We find ourselves in an unprecedented time as we linger on through a global pandemic while in the midst of the greatest economic workforce shakeup of our lifetime. Companies continue to grapple with a serious worker shortage as August saw approximately 2.9% of the U.S. workforce up and quit.
This mass exodus of laborers is putting an enormous and visceral strain across industries and employers, including retail, factories, restaurants, construction, schools and many other major subsets of the American economy. As of a couple of weeks ago, the U.S. now sits at 10.9 million-plus job openings.
So, where are all the people for these jobs?
Fortunately, there’s a large group of Americans ready to help fill this gap, 33 million of working age to be exact. Citizens who are defined as having a disability -- either physical and/or mental -- and 75% of them want to and can work, but are not currently employed.
Right now, for people with disabilities, the unemployment rate is more than double that of people without a disability. More telling, The CEO Commission for Disability Employment recently highlighted the Labor Force Participation Rate for people with disabilities trails their peers with no disabilities by 46%.
Every October businesses and corporations across the country commemorate National Disability Employment Awareness Month (NDEAM) to promote access to gainful employment for all Americans. The annual commemoration of NDEAM began in 1945 as the return of WWII soldiers sparked interest in the needs of people with disabilities in the workplace.
Forty-five years later, in July 1990, President George H.W. Bush signed the Americans with Disabilities Act (ADA) into law. As the most comprehensive disability rights legislation ever passed, the ADA prohibits discrimination in hiring, advancement, and termination and mandates equal access to workers’ compensation, job training and other privileges of employment.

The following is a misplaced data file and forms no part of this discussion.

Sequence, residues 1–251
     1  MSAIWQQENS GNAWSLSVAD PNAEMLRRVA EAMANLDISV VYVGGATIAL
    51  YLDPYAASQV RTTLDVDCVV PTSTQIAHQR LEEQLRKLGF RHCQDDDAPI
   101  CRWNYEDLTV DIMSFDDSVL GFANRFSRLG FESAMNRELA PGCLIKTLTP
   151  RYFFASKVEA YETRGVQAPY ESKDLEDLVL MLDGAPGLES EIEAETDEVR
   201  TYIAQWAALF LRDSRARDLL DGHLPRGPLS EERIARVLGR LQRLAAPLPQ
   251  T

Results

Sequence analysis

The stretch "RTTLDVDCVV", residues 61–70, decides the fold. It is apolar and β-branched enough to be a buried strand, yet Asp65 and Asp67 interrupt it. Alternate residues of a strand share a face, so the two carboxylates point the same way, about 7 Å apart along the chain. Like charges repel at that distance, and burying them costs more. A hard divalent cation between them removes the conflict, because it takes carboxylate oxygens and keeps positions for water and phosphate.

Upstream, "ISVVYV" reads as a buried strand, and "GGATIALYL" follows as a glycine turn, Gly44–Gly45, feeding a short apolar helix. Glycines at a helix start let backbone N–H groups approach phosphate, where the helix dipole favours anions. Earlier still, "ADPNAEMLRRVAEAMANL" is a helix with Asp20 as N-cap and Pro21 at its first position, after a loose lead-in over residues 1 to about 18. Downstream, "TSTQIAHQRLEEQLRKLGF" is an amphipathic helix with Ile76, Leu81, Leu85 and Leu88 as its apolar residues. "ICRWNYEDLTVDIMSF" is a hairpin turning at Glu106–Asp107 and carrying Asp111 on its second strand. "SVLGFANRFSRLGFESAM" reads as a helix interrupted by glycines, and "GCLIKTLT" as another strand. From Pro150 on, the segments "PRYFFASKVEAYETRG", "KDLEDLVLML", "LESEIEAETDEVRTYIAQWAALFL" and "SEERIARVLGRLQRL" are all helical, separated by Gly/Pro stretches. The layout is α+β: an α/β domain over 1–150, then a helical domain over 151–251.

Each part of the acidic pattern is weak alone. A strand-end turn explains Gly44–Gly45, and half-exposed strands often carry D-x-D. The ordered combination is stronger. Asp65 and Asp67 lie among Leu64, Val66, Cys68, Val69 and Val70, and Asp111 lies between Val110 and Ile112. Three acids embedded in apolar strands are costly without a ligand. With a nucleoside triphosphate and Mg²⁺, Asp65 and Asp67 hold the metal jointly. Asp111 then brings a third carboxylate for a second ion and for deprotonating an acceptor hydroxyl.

Despite these efforts, the employment rates for Americans with disabilities still lag the general population since the signing of the ADA. According to the U.S. Department of Labor, the unemployment rate for people with disabilities was 12.6 percent in 2020, while the rate for workers without a disability was 7.9 percent. Employed persons with a disability were also more likely to be employed part-time or be self-employed as opposed to full-time. Add to this the anecdotes of highly skilled people with disabilities taking entry-level positions illustrates we still have far to go.
The simple fact is there is no shortage of skilled American laborers ready to tackle the current employment crisis. In fact, quite the opposite: persons with a disability have been shown to more likely work in occupations that have been hardest hit, including leisure and hospitality, production, transportation and material moving, according to the Bureau of Labor Statistics.
The talent pool and available workforce are right in front of us. We, as employers and corporate leaders, must take on the responsibility of training and working with people with disabilities to create inclusive workplaces. Not only does this get Americans back to work but it also helps narrow disparities in disability employment and spark a new era of the modern American workforce, one that is built for -- and understands -- the modern American worker.
Keith T. Parker is president and CEO of Goodwill of North Georgia.